“UGC hopes to improve the quality of education.”
The University Grants Commission’s proposal to link central funding under the 12th Five-Year Plan, the granting of mandatory accreditation to universities and colleges and their rating with their implementation of academic and administrative reforms must be welcomed. This could put pressure on educational institutions to shake off their lethargy in implementing reforms recommended by the UGC in 2008. These reforms include introduction of the semester system, choice-based credit system, curriculum development, transparency in the admission procedures and examination reforms. The reforms aim at improving the quality of education being imparted in our universities. With regard to the curriculum, for instance, the UGC made revision of the syllabus mandatory every three years at least. It also provided a model curriculum to guide this revision. Sadly, most colleges and universities across the country failed to implement the reforms, forcing the UGC to crack the whip.
Few Indian educational institutions figure among the best in the world. The reasons for this are not hard to find. Our educational institutions burden students with outdated syllabi, archaic testing and grading methods, and uninspiring teaching. The reforms will demand more of the students as well as the teachers. Students will have to study throughout the academic year in the proposed semester system rather than cram just before the annual examination in the existing system. An important obstacle in the way of implementation of reforms is the teaching fraternity. Under the reformed system, teachers will have to update their knowledge. They can be expected to protest the implementation of the reforms. The board of management of colleges have not been let off the hook. The reforms demand greater transparency in the admission process. This will address the corruption and profit-oriented education that has become the norm across the country.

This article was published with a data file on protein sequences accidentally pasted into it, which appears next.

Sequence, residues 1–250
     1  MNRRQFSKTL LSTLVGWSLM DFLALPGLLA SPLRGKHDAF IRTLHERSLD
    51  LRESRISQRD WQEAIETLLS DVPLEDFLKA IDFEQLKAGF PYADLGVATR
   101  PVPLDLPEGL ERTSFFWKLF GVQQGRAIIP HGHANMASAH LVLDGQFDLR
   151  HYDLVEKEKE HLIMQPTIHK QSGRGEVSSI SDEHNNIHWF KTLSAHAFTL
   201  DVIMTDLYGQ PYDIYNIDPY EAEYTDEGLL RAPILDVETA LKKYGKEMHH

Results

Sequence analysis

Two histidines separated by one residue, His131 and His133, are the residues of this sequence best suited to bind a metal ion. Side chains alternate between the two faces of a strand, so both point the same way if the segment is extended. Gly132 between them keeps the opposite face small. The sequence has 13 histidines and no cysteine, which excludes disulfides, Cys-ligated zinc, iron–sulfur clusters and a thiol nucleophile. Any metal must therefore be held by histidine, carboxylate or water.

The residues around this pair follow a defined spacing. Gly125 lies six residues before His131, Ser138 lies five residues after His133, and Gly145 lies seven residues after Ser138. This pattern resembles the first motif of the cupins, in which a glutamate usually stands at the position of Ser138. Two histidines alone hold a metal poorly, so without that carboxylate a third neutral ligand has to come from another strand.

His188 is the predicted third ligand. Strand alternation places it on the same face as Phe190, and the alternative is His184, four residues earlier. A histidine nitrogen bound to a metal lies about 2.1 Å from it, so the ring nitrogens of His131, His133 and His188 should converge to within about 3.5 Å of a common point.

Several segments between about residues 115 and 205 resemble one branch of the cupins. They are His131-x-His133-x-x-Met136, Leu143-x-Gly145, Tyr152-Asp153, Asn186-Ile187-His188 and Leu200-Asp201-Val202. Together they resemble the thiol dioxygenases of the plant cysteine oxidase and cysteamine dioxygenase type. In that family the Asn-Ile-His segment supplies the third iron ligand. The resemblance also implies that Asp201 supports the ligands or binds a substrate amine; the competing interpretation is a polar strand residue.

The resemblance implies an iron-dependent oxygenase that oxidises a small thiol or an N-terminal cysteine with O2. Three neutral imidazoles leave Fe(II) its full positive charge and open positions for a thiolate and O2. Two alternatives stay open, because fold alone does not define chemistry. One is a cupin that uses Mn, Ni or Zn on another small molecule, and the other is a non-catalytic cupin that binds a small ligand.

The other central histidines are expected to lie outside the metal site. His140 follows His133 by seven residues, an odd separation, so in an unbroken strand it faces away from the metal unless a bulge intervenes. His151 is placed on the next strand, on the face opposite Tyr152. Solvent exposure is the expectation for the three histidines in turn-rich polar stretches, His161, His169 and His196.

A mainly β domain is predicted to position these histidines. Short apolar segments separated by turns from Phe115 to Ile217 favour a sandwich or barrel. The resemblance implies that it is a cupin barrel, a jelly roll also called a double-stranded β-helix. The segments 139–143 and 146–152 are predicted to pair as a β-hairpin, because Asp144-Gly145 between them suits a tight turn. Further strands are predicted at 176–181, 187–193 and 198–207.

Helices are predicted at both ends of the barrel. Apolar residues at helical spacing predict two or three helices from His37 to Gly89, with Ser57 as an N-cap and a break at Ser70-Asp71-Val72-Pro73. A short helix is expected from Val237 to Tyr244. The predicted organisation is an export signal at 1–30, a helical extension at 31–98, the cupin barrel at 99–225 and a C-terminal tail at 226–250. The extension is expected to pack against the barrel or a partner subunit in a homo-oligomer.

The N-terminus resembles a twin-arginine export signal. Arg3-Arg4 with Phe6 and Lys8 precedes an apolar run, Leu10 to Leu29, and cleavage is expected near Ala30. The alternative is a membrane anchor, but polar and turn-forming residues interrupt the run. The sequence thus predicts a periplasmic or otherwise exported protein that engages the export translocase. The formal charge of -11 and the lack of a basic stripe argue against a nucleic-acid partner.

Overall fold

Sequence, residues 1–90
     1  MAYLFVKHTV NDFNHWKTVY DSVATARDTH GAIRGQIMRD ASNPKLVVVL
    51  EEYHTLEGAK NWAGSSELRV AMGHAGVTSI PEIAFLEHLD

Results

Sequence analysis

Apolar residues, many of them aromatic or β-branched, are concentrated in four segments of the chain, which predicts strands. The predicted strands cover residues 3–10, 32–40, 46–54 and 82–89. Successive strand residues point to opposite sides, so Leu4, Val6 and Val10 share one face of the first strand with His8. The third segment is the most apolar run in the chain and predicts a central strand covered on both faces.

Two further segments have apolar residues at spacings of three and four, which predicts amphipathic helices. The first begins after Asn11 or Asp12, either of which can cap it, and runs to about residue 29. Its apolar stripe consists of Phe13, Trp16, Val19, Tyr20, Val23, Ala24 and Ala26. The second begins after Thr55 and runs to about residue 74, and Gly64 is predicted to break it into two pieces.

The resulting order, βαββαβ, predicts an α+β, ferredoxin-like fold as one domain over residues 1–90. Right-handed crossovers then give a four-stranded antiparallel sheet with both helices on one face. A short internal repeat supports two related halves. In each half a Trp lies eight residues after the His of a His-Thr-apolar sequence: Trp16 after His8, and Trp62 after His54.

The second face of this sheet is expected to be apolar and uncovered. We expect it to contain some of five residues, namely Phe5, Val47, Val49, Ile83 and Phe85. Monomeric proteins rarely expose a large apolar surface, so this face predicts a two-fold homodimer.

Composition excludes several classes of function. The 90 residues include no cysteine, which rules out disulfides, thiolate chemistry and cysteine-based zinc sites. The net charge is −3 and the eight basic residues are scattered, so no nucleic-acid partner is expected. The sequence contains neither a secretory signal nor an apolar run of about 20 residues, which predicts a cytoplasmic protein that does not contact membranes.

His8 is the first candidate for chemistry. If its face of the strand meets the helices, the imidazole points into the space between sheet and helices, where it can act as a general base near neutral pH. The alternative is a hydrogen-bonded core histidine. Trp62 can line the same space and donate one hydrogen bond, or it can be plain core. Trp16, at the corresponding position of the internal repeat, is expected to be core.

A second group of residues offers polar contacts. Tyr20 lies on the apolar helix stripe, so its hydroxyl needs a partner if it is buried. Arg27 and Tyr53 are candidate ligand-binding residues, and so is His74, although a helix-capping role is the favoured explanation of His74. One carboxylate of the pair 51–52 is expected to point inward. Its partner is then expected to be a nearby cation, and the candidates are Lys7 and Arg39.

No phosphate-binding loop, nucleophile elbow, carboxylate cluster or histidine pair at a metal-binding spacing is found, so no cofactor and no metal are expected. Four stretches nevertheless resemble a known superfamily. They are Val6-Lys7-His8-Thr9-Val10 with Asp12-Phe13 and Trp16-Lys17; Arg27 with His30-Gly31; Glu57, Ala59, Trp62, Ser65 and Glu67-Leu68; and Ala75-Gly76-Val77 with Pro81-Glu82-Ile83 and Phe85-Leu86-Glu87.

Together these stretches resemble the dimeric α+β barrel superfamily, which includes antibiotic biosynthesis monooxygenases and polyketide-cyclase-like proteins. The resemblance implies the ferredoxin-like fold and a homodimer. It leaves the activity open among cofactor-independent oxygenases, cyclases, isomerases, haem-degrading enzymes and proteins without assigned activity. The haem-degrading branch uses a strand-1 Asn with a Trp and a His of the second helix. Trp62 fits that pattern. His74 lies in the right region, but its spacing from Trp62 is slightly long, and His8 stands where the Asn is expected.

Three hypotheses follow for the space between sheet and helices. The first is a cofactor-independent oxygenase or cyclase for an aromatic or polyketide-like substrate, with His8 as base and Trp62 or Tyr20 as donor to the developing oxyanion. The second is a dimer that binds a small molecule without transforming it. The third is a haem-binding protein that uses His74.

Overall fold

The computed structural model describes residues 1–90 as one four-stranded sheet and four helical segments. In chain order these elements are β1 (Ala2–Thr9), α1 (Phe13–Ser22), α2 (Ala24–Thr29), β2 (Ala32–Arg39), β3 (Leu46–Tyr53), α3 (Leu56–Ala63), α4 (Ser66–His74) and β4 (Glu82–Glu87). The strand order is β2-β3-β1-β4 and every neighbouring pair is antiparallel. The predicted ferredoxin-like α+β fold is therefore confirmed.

The UGC reforms must be implemented as we owe our youth meaningful education, one that excites them to think in new ways and motivates them to aspire for excellence, even as it prepares them for the challenges and changes of the 21st century. Unfortunately most educational institutions - driven as they are by profit – have not prioritised students in their imparting of education. By linking funds to reforms, the UGC has provided educational institutions with self-interest as a motivator for ushering in the changes. Hopefully this will work. Colleges will have to pull up their socks quickly as the UGC has given them until end-November to get their act together.